“To do better, do something differently.”


“To do better, do something differently.”

Tolko’s Tina O’Neill shares her recruitment experience at Williams Lake ‘What Works’ employment summit

Tina O’Neill, Tolko HR Manager, is practical and resourceful. She believes in tackling problems directly and coming up with Human Resources solutions that make Tolko a great place to work for her team and employees in the Cariboo Region and Heffley Creek area.

Her extensive experience and practicality made her an obvious choice to participate in the ‘What Works’ summit held in Williams Lake, BC in February 2019.

The summit is jointly organized by the Thrive Williams Lake Project, the City of Williams Lake Economic Development Office, and the Regional Education Council. The panel presentation brought together local business owners, recruiters, the Downtown Williams Lake Association (DWLA), and other community stakeholders to discuss the challenges employers face when recruiting top talent in the area and share possible solutions and best practices with the attendees.

During her presentation, Tina shared some interesting statistics with the audience on the current employment situation at Tolko.

She says, “Last year, we looked at our Soda Creek Division to see if our employee population reflected the Williams Lake community. When we looked at the results, we noticed that only 1% of our workforce there self-identified as Indigenous. We knew right away; something had to change. If we wanted our company to be a true reflection of our community, we had to shift focus. If our experience is typical of most employers in Williams Lake, then I can tell you that, from a diversity and recruitment standpoint, we’re missing out on an opportunity to tap into the Indigenous workforce for new talent.”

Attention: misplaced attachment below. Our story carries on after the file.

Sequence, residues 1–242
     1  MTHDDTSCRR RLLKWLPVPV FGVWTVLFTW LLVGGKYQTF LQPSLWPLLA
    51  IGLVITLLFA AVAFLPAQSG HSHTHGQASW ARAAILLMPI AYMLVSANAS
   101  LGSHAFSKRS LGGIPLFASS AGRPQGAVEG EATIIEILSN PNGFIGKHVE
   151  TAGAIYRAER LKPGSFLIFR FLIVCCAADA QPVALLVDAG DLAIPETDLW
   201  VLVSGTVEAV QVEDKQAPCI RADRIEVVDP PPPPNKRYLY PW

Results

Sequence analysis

Tina noted that in addition to looking for employees in Indigenous communities, employers must begin to address lingering perceptions and biases about Indigenous employees in the workforce.

“Some employees don’t self-identify as being Indigenous because they feel they may be singled out or discriminated against simply because of their heritage,” she says. “At Tolko, however, we’re taking a new approach. We see diversity and inclusion as a competitive advantage. When our employees look around at their co-workers, we believe they should see a reflection of the entire community in which they live.”

Tina went on to highlight Tolko’s Sawmill Train to Work program as an example of how Tolko is changing its approach to employee recruitment. The program, which launched in April 2018 at Tolko’s Heffley Creek Division is designed to provide Indigenous youth the skills they need to succeed in forestry. The four-week-long program accommodates up to eight applicants per intake and is currently running at Tolko’s Soda Creek and Armstrong Divisions in B.C. A similar program is also being rolled out at Tolko’s facilities in Williams Lake.

Tina says launching the program has been exciting.

“We saw an opportunity to find great people with the right skills and values. We partnered with the Cariboo Chilcotin Aboriginal Training and Education Centre (CCATEC) and Sage Trainers who came in and worked with us to deliver the program.”

Participants in Sawmill Train to Work learn essential skills to set them up for professional success in the forest industry, such as safety training, interviewing skills, and any upgrading support they need to meet the requirements of a high school diploma. Tolko also provides up to eight offers of employment for candidates who complete the program.

“As part of the training, we provide a tour of the facility for the entire group. This gives everyone the opportunity to connect with the course content, and to meet the Tolko team and learn our history and values. By doing this, participants can see firsthand if Tolko is a company they want to work for,” says Tina.

Tina told attendees that she firmly believes one of the reasons Tolko’s engagement numbers have been steadily increasing since 2012 is because of initiatives like this that Tolko’s is developing as part of its Diversity and Inclusion strategy.

“We looked at what we were doing and realized that if you want to do better, then you’re doing today, you have to do something different. For us, that was making a direct effort to ensure our company reflects our community. We had great support and I as I told everyone in the room that day, it doesn’t have to be difficult. Williams Lake has a lot of resources available to assist businesses who need skilled employees.”